(photo credit: Ariel Jerozolmski)
Support for a plan to enable local authorities to regulate and enforce where construction waste is dumped and to encourage recycling was the main issue at the first national conference on construction waste Monday in Ramat Gan.
"Construction waste has become a very big national problem," said Linor Arieli, attorney for the Israel Union for Environmental Defense (IUED), which hosted the conference. "This conference is part of a long process that we have been working on since last year. We used this opportunity to introduce to the relevant offices our solution, and to give some kind of stage for this issue to be discussed."
Attended by Environment Minister Gideon Ezra, along with representatives from the ministry, members of local authorities and contractors' unions, the meeting tried to tackle various environmental problems.
Gil Yaniv, deputy minister of infrastructure for the Ministry of the Environment, shared Arieli's enthusiasm for the proposal.
"The state and municipalities didn't really cope with the problem until recently," Yaniv told The Jerusalem Post as members of the conference milled around drinking coffee and browsing exhibits set up by a myriad of environmental NGOs. "This is the first time we can come up with solid solutions and reach consensus among the establishments."
The "problem" is the disposal of 7.5 million tons of construction waste annually. Only a small percentage of the waste is transferred to legal dumping sites; the rest is dumped illegally in open spaces and along highways. Only a tiny fraction is recycled, according to Yaniv. The dumping is devastating to the landscape and causes water, air and soil pollution. Financially, illegal dumping in open spaces results in a decrease in property values.
Currently, contracting companies are responsible for discharging waste. There is little incentive or ability for local authorities to enforce contractors to dump in authorized sites or to recycle.
Attorney Christine Folman of the Levinson Environmental Law Firm said that Northern Europe was a "good example of a successful management leading to recycling of that waste." Countries in the European Union widely recycle construction waste.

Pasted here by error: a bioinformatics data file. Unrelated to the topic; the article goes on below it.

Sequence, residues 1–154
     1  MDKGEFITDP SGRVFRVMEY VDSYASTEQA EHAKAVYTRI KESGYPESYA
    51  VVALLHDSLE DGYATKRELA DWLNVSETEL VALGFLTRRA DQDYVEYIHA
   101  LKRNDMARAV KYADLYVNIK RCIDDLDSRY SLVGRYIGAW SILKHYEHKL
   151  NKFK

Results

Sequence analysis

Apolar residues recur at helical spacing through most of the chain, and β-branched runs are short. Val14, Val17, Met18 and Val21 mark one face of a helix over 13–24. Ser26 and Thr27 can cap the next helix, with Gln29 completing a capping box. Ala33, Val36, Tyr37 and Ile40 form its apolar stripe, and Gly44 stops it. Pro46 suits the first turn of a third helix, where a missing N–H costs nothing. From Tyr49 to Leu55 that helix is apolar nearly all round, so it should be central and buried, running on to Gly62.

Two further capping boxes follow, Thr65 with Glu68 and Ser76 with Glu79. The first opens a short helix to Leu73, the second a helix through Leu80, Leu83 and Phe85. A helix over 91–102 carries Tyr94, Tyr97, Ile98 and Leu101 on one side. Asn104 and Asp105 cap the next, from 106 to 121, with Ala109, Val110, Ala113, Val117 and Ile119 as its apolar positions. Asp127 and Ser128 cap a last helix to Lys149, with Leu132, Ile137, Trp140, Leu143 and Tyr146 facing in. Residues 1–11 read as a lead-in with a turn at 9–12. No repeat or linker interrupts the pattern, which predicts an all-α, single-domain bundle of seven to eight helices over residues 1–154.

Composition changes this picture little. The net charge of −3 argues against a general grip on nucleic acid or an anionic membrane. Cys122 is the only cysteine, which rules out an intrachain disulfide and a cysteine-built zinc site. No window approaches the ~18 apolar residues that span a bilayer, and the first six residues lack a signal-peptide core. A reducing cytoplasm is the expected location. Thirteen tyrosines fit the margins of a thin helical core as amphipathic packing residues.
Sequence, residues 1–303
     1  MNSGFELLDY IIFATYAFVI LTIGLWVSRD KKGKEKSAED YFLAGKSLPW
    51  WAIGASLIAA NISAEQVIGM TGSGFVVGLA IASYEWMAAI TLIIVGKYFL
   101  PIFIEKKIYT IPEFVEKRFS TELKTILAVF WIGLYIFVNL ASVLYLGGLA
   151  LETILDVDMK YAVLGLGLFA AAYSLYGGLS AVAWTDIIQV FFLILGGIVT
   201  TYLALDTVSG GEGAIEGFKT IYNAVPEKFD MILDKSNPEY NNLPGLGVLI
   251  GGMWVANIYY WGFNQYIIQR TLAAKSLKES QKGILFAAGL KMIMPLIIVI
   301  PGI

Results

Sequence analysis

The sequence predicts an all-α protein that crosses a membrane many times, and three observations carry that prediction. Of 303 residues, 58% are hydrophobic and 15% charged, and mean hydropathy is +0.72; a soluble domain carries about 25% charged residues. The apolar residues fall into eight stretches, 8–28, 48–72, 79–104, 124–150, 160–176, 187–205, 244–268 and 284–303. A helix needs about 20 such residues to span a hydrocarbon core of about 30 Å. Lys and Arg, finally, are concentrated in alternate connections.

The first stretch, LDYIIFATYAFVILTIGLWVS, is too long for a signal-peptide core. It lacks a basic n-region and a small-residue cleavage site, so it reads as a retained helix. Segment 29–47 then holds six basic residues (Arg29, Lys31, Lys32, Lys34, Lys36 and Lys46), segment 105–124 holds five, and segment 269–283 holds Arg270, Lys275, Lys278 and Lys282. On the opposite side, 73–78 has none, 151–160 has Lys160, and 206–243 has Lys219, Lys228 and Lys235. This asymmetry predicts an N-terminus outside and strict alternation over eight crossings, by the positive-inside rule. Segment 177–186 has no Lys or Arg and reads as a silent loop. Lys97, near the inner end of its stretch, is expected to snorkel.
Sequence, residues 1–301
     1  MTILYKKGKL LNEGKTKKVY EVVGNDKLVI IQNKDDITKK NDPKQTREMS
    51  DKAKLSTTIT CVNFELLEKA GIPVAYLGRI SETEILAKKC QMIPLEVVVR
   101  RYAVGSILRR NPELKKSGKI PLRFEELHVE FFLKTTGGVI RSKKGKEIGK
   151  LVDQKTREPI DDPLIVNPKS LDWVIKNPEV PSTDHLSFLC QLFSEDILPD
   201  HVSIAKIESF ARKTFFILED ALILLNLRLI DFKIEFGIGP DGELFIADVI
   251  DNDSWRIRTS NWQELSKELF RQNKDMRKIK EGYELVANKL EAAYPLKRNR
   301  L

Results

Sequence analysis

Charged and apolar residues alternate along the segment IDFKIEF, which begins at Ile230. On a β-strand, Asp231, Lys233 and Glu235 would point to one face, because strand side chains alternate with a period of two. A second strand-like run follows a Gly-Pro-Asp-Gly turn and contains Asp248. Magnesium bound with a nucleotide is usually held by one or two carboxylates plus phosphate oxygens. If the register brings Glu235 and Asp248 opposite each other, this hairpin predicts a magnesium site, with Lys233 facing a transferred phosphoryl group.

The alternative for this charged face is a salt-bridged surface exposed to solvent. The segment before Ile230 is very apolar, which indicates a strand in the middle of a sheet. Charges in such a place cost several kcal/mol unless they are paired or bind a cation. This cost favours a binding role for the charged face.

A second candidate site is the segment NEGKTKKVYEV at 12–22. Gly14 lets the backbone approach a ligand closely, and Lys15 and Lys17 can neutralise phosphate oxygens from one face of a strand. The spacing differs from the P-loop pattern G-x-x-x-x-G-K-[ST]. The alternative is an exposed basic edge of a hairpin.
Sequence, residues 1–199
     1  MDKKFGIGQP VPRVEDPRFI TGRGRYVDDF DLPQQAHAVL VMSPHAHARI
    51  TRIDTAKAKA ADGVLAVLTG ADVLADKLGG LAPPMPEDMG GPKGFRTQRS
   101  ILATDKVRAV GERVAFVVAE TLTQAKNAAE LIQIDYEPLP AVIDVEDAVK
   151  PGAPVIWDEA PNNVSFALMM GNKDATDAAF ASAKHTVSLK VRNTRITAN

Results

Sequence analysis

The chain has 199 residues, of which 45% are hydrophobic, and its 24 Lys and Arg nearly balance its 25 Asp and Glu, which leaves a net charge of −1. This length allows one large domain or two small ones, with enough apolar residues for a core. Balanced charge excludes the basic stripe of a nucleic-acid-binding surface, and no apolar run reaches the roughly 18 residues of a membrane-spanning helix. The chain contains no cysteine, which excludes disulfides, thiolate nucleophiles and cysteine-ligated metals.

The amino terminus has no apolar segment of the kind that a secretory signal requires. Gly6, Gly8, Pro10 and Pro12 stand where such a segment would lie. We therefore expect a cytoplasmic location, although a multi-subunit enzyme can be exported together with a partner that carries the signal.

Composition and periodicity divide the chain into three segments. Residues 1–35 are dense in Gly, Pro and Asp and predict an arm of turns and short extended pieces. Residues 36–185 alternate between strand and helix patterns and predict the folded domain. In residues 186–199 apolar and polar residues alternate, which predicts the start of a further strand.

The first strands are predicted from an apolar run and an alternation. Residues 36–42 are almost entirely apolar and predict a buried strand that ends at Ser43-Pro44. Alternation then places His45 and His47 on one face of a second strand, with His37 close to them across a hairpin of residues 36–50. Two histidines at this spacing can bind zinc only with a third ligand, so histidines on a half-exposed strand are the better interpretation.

Folman described the importance of creating an infrastructure of support and incentives to encourage and aid local authorities and contractors with the process of dumping legally and recycling the construction waste.
"Industry needs advice from municipalities," she said. "Countries need to develop a market for recycled construction waste. For this kind of market, discrimination between reused and virgin material must be abolished."
"There needs to be strong legislation on landfills so waste does not end up there," continued Folman. "As any government sets obligations, [it] must give advice on how and what to do so as to create facilities and an economically feasible solution."
The IUED, in a report handed out to conference participants, called on the Ministry of the Environment to continue to develop ways to increase the demand for recycled materials and provide incentives for developing practical and feasible solutions for recycling and recovery.
Yaniv and Arieli agreed that the conference was a good step towards developing and implementing the proposed plan. "We were very happy to see that they did cooperate with us," said Arieli. "They gave us their blessing to host this conference."
But Yaniv also said that it would be difficult to initiate the IUED-suggested programs because "not enough ministries take responsibility."
Zvika David, manager of the Beni and Zvika Construction Company, said his company made the decision to begin recycling their construction waste following an exhibition in Germany. He and his brother attended the conference as representatives for private contractors.
Sitting at a booth outside the main conference hall, he hoped that "other contractors will start recycling regularly."
"I believe we can make recycling in Israel a good business practice," he said. "It is something we need to do as good citizens."